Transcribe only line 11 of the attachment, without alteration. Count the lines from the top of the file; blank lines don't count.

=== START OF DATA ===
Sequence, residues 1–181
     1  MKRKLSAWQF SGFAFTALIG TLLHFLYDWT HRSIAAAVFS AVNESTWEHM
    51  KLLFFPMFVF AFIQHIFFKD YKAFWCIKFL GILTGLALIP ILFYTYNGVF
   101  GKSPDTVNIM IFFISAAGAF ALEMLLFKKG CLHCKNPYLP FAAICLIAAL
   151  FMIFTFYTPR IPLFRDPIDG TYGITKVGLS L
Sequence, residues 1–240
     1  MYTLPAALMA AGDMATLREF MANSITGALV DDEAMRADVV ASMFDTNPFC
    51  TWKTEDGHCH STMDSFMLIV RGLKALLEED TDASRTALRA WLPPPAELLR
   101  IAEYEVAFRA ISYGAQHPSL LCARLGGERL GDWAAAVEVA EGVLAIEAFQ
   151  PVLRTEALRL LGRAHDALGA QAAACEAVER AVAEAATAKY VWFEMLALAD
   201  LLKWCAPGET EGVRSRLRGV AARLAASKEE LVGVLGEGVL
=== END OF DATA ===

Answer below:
   201  LLKWCAPGET EGVRSRLRGV AARLAASKEE LVGVLGEGVL